Arkansas Attorney General Leslie Rutledge announced Nov. 5 her intention to join Alaska, Arizona, Iowa, Missouri, Montana, Nebraska, New Hampshire, North Dakota, South Dakota and Wyoming as a plaintiff in a lawsuit challenging President Joe Biden’s federal vaccine mandate, which requires all businesses with over 100 employees to compel all staff to get tested weekly and wear masks, or get vaccinated against COVID-19.
The mandate was scheduled to begin Jan. 4 and carry a penalty of $14,000 for each violation. However, the 10 states brought a legal challenge to the 5th U.S. Circuit Court of Appeals, which issued an injunction against the mandate, citing its “staggeringly overbroad” nature and threat to the “liberty of individuals to make intensely personal decisions.”
Gov. Asa Hutchinson said Nov. 4 he supported legal action against the mandate, concerned it might cause apprehension among the unemployed about reentering the workforce. The only problem with this position is the lack of logic. If vaccine mandates were the cause of mass unemployment, then the absence of a mandate should cause mass employment. However, the U.S. has been facing widespread unemployment since prior to any whisper of a mandate.
It is possible low vaccine numbers are in part a result of unfounded beliefs, touted by right-wing media, that masks, social distancing and COVID-19 vaccines are some liberal cabal’s experiment to diminish freedom.
Hutchinson said business owners should have the right to decide for themselves and their employees what mandate, or lack thereof, is appropriate. It should not be necessary to explain why the owner of a mechanic or tattoo shop should not decide what is medically necessary to ensure personal and public safety.
The question at hand is how far business liberty should extend. If COVID-19 were three times more deadly, I think Rutledge and Hutchinson would still support business and individual liberty over federal mandates to protect our communities, and that is the problem.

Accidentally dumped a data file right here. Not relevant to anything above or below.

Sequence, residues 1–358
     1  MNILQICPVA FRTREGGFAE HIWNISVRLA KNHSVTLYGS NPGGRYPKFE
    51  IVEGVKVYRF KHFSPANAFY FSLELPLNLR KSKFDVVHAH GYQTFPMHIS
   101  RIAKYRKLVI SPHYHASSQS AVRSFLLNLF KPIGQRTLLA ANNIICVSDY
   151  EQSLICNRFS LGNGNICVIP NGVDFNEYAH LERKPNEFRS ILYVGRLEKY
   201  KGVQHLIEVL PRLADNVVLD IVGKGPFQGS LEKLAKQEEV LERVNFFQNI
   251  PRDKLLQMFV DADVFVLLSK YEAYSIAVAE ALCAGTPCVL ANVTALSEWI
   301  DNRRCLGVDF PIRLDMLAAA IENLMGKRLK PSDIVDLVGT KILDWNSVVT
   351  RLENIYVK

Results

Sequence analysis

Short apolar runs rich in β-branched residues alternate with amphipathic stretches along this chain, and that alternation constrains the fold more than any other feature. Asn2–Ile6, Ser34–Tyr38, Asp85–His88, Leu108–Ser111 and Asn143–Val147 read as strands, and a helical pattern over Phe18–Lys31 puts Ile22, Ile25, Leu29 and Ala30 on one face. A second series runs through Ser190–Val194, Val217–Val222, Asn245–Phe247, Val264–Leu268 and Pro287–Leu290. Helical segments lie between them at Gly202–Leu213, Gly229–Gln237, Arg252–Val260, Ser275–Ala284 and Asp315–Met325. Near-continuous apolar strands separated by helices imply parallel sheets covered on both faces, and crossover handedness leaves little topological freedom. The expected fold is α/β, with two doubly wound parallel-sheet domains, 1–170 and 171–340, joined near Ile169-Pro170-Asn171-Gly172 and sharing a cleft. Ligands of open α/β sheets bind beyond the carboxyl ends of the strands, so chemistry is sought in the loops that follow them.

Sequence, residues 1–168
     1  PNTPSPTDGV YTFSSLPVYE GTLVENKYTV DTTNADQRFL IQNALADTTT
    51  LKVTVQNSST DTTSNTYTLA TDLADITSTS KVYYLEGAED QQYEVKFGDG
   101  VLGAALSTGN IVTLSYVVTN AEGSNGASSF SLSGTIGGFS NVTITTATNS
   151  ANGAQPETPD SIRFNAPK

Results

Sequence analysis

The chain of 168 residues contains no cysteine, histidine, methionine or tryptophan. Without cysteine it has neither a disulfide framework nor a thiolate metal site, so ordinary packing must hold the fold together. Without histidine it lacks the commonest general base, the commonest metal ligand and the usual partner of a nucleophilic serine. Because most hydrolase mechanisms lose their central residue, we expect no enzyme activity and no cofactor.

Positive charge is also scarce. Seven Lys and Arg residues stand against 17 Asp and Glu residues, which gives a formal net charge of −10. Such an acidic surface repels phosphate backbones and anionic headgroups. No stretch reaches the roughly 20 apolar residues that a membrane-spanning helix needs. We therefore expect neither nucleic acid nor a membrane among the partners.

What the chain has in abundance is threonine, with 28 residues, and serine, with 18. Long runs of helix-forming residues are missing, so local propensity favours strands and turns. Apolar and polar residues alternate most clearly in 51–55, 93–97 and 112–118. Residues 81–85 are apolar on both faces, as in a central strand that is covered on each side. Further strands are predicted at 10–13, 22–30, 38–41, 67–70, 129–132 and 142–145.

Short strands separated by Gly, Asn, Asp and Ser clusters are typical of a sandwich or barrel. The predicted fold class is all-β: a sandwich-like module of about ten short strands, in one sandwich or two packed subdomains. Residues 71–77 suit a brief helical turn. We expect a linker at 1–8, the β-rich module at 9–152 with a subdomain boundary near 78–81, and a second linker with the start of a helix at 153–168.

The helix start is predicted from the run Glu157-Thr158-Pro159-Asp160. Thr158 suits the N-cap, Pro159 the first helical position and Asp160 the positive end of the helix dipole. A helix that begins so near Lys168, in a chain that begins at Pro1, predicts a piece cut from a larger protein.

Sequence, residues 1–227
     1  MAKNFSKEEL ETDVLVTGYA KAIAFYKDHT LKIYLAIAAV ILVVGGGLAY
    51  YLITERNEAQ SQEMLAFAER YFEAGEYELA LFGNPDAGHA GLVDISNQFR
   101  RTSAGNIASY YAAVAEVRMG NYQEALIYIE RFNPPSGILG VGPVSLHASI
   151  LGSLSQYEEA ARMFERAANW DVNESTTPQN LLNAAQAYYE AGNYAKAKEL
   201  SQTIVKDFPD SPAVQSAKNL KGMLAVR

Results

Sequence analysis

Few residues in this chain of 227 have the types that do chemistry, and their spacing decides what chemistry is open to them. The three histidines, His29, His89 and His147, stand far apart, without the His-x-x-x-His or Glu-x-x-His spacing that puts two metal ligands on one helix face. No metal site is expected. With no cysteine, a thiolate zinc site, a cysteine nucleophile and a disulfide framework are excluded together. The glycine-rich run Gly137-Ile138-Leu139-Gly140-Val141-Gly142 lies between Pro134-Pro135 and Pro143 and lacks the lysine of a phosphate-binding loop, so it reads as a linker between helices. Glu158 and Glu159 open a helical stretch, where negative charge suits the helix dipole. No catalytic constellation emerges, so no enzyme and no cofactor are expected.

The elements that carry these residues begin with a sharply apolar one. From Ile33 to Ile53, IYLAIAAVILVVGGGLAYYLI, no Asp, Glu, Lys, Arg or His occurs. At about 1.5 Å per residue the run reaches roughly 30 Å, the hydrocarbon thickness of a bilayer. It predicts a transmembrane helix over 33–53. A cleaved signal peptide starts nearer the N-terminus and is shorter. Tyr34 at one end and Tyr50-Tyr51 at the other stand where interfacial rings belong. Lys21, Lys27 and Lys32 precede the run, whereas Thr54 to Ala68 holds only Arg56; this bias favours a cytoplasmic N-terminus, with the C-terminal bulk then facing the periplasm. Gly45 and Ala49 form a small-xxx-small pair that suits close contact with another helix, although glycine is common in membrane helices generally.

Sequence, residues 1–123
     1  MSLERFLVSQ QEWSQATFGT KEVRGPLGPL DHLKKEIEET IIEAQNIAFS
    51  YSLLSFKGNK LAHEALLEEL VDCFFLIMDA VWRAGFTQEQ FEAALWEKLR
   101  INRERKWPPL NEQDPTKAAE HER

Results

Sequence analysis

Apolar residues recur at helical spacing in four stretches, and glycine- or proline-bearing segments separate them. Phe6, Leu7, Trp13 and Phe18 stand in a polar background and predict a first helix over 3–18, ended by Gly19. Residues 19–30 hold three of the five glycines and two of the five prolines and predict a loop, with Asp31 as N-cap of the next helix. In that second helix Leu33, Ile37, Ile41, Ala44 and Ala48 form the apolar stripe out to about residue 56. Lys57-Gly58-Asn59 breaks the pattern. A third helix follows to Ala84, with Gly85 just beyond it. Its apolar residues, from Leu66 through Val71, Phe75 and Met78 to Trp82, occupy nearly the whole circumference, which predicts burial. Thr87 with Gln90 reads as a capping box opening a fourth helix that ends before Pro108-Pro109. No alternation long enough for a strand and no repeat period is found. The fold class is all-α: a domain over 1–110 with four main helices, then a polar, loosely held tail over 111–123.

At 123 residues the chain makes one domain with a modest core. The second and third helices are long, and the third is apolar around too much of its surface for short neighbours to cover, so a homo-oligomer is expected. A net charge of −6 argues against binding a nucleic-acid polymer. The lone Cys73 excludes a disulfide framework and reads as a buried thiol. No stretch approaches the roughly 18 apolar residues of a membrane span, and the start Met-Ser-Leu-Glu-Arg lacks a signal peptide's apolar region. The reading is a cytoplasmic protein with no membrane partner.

It is not just about COVID-19. When state officials, especially the governor and attorney general, make broad claims of liberty violations and vexatious federal mandates, what happens when the next virus is more deadly and contagious? Once officials pump out theories of “liberty trumps all,” it becomes difficult to quash those ideologies, which can threaten public safety.
Case in point: how difficult it was to convince people science supported the concept that masks reduce the spread of COVID-19. The simple inconvenience of wearing a mask was too objectionable for some because state and federal officials repeatedly pushed the notion that individual freedom trumps any obligation to uphold the public good.
These lawsuits and doomsaying from Rutledge and Hutchinson, flying in the face of reason, are the cause of hesitance to re-enter the workforce, not federal immunization mandates. If someone told parents their children must get vaccinated against measles to enroll in public school, no one but the anti-vaxxers would bat an eye, and Biden’s mandate is based on the same principle.
No business, nor our economy as a whole, should suffer a minute longer because some pundits and officials want to capitalize on fears of some conjured government takeover. It is time to end the COVID-19 conspiracy theories and return to normalcy. Vaccines are nothing new, and Biden should defend his mandate in an effort to restore our workforce and improve the health of our communities.
Hutchinson and Rutledge should not challenge the federal mandate. The responsibility of the federal government is to provide for the general welfare, and where the president offers a reasonable solution, our attorney general should not become an obstacle. Rutledge and several other attorneys general have made their intentions clear, and increased immunization rates are not their objective — political posturing is.